Thursday, October 30, 2014

A Stitcher's Wardrobe: A Midnight Smock



On Wednesday night before leaving for Rhinebeck I attempted to sew two smocks. I had been coveting this fabric from Clementine since summer.


Success, except for one late night error (early morning, actually): I sewed the lower front to the upper back, and the lower back to the upper front. What this means is I now have a completely reversible shirt. HA!


See the chain stitching on the inside? All that stitching and cutting happens in one pass on my Siruba machine -- the chain stitch, the overlock, and the trimming.  And it goes lickity split.


My new knitting spot:

My computer is in a small pass through room located next to our television room. I painted the walls in the spring and rearranged some furniture in an effort to make it an inviting work space.



I had placed a small wooden cot in the corner for a sunny knitting spot and overflow company. Have you ever tried to knit on a cot? In a corner?


Three days ago I dragged this chair up from the basement studio and I have been firmly planted in it since. The cot is in the barn, traded for this steamer basket, which holds my yarn.



Thank you chair, basket and old light, for encouraging me to stitch up a storm.

Wednesday, October 29, 2014

A Stitcher's Wardrobe: My Rhinebeck Shirt



Two weeks ago, while everyone else was deliriously stitching on their Rhinebeck sweaters at the eleventh hour, I was stitching on two new smocks to wear at the NY Sheep and Wool Festival. This is my Saturday smock. The hexagons were stitched this summer (have you tried hexagons? pretty relaxing).


See the giraffes? A scrap from the first pattern I ever sewed, a smock. More sentimental pieces coming soon -- we have been cleaning the barn, where my parents stored every finished (and abandoned) project my siblings and I ever made.


After forty something years of sewing I am still learning -- this tape was not cut on the bias and created some challenges. But I still LOVE this shirt.

Amy and Thea
Thea and Amy and I arrived on Thursday and kicked back in a beautiful little rental house. On Friday we roamed town as the rest of our housemates trickled in.

Erin
I drank all the dark brown liquids, always my favorite.

At the fair on Saturday there were white sheep,
and black sheep,
Sonya
and llamas too.
Ellen and Beatrice

There was a grey sheep named Brutus 
who was helpful with the phone,

first-rate at hugs,

generous with kisses,


and clever at dirty jokes.

On Sunday there was a blue ribbon jumping goat and his Nun,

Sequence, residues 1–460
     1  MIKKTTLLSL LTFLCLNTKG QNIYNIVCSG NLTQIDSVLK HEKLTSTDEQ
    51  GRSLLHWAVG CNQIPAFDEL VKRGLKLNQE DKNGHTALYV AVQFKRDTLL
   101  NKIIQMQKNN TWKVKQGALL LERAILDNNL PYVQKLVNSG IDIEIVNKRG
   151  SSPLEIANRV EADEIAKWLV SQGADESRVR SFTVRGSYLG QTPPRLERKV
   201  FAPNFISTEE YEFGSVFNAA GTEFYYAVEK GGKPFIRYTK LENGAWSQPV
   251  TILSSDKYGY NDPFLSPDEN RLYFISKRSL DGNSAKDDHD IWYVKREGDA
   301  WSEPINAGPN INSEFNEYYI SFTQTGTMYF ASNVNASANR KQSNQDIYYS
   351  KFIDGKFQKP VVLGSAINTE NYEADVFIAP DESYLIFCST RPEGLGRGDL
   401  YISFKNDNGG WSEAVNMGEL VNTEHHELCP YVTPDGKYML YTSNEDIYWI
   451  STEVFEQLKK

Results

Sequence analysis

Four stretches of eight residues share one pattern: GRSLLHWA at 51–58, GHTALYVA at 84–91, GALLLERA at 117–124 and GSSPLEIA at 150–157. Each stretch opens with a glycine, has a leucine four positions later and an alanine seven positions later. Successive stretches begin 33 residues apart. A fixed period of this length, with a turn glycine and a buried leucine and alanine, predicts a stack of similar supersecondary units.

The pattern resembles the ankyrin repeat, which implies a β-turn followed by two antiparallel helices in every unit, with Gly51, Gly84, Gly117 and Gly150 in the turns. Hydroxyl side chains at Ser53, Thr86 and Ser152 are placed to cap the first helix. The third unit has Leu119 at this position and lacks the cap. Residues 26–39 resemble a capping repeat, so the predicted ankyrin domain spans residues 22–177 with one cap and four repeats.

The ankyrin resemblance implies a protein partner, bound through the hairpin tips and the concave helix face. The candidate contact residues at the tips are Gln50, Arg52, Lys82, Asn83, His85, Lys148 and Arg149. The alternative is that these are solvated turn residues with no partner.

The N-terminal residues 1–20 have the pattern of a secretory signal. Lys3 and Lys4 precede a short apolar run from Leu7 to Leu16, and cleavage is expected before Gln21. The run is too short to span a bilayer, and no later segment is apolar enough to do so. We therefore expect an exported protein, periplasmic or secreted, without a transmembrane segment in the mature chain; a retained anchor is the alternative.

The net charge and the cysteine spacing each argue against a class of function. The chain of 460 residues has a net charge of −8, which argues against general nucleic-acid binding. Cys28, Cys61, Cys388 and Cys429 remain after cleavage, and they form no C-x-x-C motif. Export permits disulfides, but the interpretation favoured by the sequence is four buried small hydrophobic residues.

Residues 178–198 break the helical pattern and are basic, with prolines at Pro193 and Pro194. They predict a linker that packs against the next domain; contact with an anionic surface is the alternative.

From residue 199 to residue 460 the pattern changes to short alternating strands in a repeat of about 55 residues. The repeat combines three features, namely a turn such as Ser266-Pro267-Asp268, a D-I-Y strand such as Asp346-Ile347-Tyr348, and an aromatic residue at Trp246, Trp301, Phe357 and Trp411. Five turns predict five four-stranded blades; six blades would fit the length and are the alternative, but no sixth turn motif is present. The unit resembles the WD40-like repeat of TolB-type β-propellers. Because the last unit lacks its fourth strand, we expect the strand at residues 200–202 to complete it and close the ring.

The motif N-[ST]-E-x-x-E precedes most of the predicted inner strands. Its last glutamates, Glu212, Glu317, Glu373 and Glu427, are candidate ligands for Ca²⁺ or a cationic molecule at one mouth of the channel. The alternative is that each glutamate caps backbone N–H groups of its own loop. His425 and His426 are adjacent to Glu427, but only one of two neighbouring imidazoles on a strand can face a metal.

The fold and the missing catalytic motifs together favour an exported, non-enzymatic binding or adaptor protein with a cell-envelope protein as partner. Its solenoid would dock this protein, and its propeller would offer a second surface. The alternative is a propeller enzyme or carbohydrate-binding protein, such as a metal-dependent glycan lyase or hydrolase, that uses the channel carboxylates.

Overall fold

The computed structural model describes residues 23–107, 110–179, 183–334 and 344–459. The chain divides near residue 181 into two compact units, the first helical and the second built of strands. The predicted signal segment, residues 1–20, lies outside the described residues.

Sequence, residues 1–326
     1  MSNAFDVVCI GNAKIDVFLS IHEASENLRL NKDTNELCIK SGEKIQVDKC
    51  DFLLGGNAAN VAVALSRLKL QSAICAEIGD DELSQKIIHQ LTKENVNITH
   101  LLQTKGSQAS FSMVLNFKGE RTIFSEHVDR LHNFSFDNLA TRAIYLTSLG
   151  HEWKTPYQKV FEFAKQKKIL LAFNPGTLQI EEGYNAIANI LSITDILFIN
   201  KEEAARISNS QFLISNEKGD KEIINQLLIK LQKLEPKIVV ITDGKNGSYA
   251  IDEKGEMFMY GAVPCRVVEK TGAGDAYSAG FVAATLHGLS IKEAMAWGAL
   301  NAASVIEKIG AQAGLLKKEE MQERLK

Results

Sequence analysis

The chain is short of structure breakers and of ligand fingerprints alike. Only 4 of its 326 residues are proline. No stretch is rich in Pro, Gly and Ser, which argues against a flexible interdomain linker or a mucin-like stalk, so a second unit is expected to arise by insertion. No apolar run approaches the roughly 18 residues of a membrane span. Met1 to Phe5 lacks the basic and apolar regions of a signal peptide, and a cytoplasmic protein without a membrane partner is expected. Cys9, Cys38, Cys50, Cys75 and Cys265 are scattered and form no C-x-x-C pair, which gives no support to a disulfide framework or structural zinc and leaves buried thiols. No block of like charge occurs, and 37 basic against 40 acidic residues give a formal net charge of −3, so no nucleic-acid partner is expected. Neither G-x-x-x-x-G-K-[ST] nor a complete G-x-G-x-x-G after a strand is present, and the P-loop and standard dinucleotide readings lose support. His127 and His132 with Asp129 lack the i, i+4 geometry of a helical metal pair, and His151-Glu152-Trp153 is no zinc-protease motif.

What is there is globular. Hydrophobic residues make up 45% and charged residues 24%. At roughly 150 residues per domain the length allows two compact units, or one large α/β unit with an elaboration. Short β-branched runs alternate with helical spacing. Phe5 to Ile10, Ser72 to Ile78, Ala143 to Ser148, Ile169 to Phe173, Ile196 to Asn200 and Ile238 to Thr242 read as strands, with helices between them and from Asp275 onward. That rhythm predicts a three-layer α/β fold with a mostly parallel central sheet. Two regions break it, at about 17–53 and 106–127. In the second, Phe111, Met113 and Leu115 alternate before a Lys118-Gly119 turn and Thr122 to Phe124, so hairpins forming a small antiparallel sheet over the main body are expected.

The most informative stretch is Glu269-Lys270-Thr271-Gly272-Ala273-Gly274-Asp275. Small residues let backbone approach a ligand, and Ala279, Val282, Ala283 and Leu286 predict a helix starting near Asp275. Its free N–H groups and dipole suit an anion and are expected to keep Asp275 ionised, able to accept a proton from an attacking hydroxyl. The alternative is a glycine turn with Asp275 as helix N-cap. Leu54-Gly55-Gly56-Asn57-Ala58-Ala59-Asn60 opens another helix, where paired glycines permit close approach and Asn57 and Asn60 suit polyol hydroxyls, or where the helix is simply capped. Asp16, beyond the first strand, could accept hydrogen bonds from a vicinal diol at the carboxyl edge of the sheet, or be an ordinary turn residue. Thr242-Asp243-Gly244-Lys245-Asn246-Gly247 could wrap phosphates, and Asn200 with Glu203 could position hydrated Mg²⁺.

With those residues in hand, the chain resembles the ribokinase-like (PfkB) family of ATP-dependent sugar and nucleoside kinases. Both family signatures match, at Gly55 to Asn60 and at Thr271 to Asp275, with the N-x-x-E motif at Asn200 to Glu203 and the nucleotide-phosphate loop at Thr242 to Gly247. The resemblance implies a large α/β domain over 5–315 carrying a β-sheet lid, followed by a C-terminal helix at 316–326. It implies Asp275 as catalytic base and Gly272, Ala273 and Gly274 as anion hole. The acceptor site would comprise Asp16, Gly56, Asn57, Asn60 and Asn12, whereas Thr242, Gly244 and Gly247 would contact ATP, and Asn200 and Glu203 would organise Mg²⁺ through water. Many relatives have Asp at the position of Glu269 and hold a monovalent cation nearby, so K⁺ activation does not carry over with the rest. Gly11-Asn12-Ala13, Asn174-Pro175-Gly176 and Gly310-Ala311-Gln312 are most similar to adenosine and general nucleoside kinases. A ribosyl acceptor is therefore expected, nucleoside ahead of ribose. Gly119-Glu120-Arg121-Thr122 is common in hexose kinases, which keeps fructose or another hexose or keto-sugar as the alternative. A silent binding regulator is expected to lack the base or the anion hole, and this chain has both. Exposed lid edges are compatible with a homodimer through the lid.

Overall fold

and a leaping llama competition.

I came home with fond memories of time spent with some of my favorite people on earth, a few coveted skeins of yarn, three boxes of biscotti, and enough knitter's mojo to cruise through three knitted hats and half a crocheted shawl in the last ten days.  Yes, I am crocheting and it is keeping me up at night. 

Tomorrow I will share the other smock and my little knitting nest, which was improved this week.

Tuesday, October 7, 2014

A Stitcher's Wardrobe: Shirt


I find myself wearing the same two smocks over and over, so I cut a few more. The pattern is Butterick 5356, modified, and the cut sings to me.  The front is gathered but the back is not -- fullness just the way I like it. 


The shoulder seam runs down the arm -- there is not a traditional set-in sleeve.  Also, the underarm does not bind.

My bias tape skills are improving. 


This happy trim was an afterthought. If I had it to do again I would not have two lines of stitching on the public side. And I do have it to do again -- I could easily pick the stitches and rework it. But I have learned that I admire the art of completion more than the art of perfection in others' work. Adopting this philosophy, I will move along and make more, more, more!

Tuesday, September 23, 2014

A Stitcher's Wardrobe: Cardigan Sweater

Winnie Autumn, named for the shoreline of Lake Winnipesaukee in the fall
One of my hopes with this year's project was to use up some of the materials I had in my stash. Originally I had three skeins of dark blue wool for the main part of this sweater, two variegated blue skeins for the yoke, and a ball of creamy white for highlights. But on second look, the variegated blue was not quite right, so I dyed one, two, three, four more skeins until I had the right grey-blue. 



In the meantime, I dyed four multicolor skeins for the fun of it (herein lies my materials issue). I liked them so well I incorporated them into my design. In case you've lost count, I had five skeins and one ball, and I dyed eight more. I used about five to complete the sweater. There was a net gain in materials.


The construction of this sweater is unusual: I cast on provisionally at the yoke, worked down five rows, split for the sleeves and body, worked the sleeves and body, and then picked up the stitches at the provisional cast on and resumed the yoke in the opposite direction. Why? So the dipped stitches (the points) could reach into the dark blue body of the sweater from the yoke and the hems. And because I'm a knitter.